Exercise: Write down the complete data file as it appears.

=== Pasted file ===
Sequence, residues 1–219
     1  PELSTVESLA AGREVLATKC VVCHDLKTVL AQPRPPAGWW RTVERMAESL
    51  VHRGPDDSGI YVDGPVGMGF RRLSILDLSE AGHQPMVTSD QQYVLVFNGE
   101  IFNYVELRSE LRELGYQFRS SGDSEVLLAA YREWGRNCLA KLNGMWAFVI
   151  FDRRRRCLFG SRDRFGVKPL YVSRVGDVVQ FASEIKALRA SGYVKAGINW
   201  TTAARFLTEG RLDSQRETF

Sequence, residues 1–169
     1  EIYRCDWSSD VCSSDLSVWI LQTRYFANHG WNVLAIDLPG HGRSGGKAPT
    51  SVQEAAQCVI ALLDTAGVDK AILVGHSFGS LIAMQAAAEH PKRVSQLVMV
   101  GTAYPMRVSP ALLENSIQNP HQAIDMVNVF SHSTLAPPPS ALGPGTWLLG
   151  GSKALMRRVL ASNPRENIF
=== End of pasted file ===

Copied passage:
Sequence, residues 1–219
     1  PELSTVESLA AGREVLATKC VVCHDLKTVL AQPRPPAGWW RTVERMAESL
    51  VHRGPDDSGI YVDGPVGMGF RRLSILDLSE AGHQPMVTSD QQYVLVFNGE
   101  IFNYVELRSE LRELGYQFRS SGDSEVLLAA YREWGRNCLA KLNGMWAFVI
   151  FDRRRRCLFG SRDRFGVKPL YVSRVGDVVQ FASEIKALRA SGYVKAGINW
   201  TTAARFLTEG RLDSQRETF

Sequence, residues 1–169
     1  EIYRCDWSSD VCSSDLSVWI LQTRYFANHG WNVLAIDLPG HGRSGGKAPT
    51  SVQEAAQCVI ALLDTAGVDK AILVGHSFGS LIAMQAAAEH PKRVSQLVMV
   101  GTAYPMRVSP ALLENSIQNP HQAIDMVNVF SHSTLAPPPS ALGPGTWLLG
   151  GSKALMRRVL ASNPRENIF